Friday, March 26, 2010

Atheist Delusions

I try to read as much of David Bentley Hart's work as I can. He is about the finest public Christian theologian I have read. Since I have taken back up with historical studies, I have little time for works of theology. But this is one I could not resist. In Atheist Delusions, Hart takes on the so-called New Atheists and their popular proclamations and pontifications.

The book is arranged in four parts. In part one (Faith, Reason, and Freedom: A View from the Present) Hart provides his interpretation of the current cultural situation that underlies the popularity of the "New Atheists." The first chapter outlines what Hart calls the "Gospel of Unbelief," and stages a first assault upon the incredible works of Dawkins, Dennett and Sam Harris in particular. In his initial examination Hart postulates that the problem underlying not only these dilettantes, but other popular authors as well (e.g. Philip Pullman and Dan Brown), is a faulty and simplistic view of history that overemphasizes the virtues of the modern world and the vices of Christianity, and concomitantly underemphasizing the virtues of Christian civilization and the vices of modernity.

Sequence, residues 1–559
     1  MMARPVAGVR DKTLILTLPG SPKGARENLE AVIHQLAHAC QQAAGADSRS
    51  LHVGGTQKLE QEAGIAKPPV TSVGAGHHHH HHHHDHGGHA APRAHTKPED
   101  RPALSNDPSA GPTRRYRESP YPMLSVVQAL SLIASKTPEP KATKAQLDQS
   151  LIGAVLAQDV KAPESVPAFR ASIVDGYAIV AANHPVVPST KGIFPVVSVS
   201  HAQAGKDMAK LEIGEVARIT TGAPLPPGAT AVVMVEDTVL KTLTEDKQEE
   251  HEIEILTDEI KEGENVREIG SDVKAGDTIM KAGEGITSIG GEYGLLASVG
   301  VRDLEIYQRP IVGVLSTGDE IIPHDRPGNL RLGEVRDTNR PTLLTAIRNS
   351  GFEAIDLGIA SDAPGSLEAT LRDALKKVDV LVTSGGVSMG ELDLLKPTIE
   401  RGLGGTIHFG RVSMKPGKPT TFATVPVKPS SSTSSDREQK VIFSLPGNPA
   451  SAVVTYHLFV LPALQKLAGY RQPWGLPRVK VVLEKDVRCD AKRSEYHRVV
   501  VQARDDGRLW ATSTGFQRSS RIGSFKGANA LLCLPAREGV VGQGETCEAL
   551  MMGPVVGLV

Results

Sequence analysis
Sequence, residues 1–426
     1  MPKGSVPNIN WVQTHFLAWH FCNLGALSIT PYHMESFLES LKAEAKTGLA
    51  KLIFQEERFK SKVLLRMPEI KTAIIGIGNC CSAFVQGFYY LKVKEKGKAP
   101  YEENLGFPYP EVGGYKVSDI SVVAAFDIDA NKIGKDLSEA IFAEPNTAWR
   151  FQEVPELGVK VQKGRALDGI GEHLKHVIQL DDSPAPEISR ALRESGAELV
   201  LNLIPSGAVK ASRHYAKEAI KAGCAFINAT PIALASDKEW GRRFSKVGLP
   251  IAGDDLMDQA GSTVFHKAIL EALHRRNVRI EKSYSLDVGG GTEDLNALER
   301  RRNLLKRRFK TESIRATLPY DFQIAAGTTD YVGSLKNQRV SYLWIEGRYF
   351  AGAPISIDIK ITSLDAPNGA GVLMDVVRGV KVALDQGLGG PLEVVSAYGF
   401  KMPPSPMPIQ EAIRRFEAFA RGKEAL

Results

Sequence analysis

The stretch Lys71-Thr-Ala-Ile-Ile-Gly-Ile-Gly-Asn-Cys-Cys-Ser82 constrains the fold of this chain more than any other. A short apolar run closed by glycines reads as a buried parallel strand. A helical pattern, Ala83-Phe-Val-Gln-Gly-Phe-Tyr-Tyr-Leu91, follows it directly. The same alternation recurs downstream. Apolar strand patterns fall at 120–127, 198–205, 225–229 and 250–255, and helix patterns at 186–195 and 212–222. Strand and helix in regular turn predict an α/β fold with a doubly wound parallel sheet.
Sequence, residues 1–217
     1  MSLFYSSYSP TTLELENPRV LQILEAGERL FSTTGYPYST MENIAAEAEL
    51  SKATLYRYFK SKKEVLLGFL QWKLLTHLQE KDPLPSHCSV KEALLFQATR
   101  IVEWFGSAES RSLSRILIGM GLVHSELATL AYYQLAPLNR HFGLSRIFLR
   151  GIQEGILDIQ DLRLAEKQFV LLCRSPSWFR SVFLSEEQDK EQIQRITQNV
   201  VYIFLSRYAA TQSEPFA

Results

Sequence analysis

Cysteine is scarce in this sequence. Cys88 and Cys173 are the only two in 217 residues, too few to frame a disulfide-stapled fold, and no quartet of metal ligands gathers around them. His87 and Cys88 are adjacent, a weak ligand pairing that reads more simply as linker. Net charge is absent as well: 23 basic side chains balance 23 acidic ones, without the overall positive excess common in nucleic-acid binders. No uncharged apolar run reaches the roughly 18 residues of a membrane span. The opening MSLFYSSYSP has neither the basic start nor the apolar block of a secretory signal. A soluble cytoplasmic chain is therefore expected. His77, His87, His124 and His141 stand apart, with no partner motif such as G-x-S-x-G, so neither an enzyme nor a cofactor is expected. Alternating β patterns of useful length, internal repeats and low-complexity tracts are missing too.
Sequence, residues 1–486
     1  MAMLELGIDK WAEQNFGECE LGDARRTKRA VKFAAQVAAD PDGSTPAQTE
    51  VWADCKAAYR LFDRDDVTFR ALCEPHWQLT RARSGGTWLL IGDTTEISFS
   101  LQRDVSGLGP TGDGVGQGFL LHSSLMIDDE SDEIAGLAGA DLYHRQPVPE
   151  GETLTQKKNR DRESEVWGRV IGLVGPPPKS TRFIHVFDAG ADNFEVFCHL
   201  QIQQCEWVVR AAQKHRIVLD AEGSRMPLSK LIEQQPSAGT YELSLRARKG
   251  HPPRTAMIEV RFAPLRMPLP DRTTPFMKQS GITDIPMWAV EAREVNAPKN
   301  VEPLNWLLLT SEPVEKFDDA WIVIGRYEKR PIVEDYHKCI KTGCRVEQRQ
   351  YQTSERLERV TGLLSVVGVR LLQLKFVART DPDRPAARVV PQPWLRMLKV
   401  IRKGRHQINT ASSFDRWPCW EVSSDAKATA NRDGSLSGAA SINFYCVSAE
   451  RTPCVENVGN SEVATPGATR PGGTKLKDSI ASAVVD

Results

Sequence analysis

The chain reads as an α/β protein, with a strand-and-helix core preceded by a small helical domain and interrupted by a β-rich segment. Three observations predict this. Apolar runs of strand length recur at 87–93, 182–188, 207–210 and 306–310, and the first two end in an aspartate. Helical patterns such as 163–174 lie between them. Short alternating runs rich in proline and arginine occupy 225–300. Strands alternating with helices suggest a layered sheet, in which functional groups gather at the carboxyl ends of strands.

Throughout the book, Hart seeks to complexify, if not overturn, this view of history by indicating faulty perceptions of Christianity's rise to prominence. The second part of the book seeks to overturn the flagrant falsity that paganism was a more humane, scientific and tolerant state of affairs that the Christian culture that replaced it. The third and longest part of the book strives to highlight the cultural advantages of the Christian "revolution," namely that it was more liberating for women and slaves, and that it provided a face for the faceless. The cause for this revolution, which did effectively make Hellenistic paganism obsolete, was the elevated sense of the human person--"total humanism"--based on the Christological formulae of Christianity. Orthodox Christology emphasized the condescension of God to humanity, thus elevating the value of every human person in a way unprecedented in the Hellenistic world.

This may not be the tack one would expect someone to take in responding to the "New Atheists," since they do not actually explicitly invoke this narrative very often. The move is brilliant, however, because to try to refute the arguments of these atheists directly would be pointless, based as they are on the assumptions of the narrative Hart attacks. That said, Hart's own narrative is not without its own inaccuracies, to enumerate which would be tedious. In some places the view of Christianity may well be rosy, but it is not unrealistic, and it is a very useful corrective to popular and widespread misunderstandings of the cultural value of Christianity. To name just a few of the more useful social innovations of Christianity, we might offer hospitals, universities, orphanages, and almshouses, not to mention much of the beautiful works of music, architecture and art of the Western world.